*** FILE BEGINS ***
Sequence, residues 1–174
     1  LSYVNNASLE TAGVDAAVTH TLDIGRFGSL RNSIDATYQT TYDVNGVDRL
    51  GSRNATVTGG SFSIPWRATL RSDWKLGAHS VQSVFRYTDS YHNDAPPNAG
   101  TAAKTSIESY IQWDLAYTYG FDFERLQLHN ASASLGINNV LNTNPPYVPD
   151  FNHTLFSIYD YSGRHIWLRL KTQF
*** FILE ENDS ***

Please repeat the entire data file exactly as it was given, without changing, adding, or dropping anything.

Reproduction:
Sequence, residues 1–174
     1  LSYVNNASLE TAGVDAAVTH TLDIGRFGSL RNSIDATYQT TYDVNGVDRL
    51  GSRNATVTGG SFSIPWRATL RSDWKLGAHS VQSVFRYTDS YHNDAPPNAG
   101  TAAKTSIESY IQWDLAYTYG FDFERLQLHN ASASLGINNV LNTNPPYVPD
   151  FNHTLFSIYD YSGRHIWLRL KTQF